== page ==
U.S. scientists have devised a way to make electronic devices based on a property of electrons called spin, rather than just their electric charge.

The interdisciplinary group of scientists at the U.S. Department of Energy’s Brookhaven National Laboratory said their approach, which they call spintronics, could open the way to dramatically increasing the productivity of electronic devices operating at the nanoscale.

This development can open the way for the use of spintronics in practical room temperature devices, an exciting prospect, said Energy Department Undersecretary for Science Raymond Orbach.

The Brookhaven group uses magnetism to manipulate spin in graphene, a material consisting of flat sheets of carbon atoms arranged in a hexagonal pattern. They’ve proposed ways to make materials consisting of layers of graphene mated to magnetic and nonmagnetic layers.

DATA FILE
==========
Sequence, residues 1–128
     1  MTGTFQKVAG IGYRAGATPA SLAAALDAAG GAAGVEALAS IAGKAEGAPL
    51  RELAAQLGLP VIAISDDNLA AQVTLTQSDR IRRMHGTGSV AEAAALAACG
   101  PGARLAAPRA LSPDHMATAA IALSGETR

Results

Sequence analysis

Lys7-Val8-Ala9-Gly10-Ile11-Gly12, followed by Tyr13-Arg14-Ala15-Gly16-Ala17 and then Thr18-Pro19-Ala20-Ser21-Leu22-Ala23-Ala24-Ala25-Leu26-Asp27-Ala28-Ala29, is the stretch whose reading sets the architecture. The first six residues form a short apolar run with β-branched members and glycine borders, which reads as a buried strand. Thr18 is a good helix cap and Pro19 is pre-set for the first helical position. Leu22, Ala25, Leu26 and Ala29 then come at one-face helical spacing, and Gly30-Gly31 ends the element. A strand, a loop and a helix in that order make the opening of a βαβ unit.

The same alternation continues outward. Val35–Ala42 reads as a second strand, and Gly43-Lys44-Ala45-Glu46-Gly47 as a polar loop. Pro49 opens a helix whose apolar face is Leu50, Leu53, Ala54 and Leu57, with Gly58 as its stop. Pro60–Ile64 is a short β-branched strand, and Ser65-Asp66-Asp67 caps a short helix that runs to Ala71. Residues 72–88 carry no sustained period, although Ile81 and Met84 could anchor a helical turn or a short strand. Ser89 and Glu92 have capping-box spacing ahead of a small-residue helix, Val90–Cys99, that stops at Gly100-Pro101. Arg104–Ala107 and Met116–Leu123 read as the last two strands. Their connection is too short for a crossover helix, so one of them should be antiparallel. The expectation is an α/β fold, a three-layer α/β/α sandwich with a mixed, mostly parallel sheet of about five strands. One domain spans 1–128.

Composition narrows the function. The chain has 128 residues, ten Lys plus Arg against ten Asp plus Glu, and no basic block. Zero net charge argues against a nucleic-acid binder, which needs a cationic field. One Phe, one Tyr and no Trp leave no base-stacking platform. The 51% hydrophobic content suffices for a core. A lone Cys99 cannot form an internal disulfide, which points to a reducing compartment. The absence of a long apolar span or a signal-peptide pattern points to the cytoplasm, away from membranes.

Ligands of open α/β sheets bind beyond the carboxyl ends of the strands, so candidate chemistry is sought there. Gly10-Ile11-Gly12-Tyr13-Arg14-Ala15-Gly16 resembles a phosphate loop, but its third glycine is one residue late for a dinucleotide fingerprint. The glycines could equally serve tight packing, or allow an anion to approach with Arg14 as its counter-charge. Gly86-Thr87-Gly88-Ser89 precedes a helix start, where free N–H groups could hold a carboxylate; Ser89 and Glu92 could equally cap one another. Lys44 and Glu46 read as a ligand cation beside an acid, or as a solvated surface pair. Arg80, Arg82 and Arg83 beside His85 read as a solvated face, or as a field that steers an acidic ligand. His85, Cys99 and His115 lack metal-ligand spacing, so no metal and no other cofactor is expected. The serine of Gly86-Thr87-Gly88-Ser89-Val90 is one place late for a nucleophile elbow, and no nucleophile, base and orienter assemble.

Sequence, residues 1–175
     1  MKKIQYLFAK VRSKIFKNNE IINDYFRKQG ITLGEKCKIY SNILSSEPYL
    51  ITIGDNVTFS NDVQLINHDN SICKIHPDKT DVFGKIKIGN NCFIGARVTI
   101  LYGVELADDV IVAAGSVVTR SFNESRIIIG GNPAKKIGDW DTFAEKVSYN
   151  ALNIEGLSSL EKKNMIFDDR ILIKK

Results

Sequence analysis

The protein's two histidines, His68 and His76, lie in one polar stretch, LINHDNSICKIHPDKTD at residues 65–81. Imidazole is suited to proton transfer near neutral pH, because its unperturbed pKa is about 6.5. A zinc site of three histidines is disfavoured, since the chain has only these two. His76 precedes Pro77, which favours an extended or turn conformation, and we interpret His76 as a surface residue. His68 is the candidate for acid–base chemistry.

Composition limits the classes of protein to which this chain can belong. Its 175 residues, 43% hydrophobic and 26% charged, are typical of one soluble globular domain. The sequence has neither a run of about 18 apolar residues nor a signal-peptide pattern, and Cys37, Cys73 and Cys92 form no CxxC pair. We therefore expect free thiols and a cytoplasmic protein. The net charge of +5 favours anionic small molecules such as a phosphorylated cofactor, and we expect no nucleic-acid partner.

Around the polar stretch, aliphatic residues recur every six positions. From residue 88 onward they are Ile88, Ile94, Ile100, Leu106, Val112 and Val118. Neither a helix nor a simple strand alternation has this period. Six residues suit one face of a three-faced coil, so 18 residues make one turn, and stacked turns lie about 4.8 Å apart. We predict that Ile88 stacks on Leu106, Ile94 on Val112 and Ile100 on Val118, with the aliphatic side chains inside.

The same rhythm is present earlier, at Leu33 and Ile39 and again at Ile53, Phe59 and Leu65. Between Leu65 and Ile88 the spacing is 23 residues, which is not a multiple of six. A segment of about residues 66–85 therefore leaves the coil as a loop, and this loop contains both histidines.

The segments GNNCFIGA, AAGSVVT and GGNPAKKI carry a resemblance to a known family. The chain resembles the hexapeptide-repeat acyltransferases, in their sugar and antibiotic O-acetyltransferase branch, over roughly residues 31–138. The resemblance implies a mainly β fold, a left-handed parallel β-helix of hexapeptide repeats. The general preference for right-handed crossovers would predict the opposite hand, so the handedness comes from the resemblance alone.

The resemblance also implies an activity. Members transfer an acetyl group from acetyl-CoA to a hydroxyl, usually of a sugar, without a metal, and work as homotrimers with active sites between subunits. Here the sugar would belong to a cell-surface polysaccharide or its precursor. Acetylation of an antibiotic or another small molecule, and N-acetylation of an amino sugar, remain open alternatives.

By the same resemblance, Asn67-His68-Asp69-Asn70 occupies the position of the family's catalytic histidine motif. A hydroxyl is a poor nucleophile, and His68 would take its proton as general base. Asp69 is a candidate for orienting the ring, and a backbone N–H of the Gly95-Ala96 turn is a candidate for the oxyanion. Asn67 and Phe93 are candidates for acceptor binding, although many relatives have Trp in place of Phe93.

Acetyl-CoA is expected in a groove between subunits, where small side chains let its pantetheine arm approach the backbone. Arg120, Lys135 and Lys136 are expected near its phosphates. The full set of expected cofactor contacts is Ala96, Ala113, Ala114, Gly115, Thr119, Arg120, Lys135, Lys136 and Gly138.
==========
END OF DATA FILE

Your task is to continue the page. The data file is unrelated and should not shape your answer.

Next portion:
Such graphene-magnet multilayers are expected to retain their properties at room temperature, an important requirement for spintronic devices. By properly arranging the magnetization of the magnetic layers, they can be used to create a full spectrum of spintronic devices, including microchips, transistors, and logic gates

The Brookhaven scientists have filed a U.S. provisional patent application for their invention, which is available for licensing.

Via Web India

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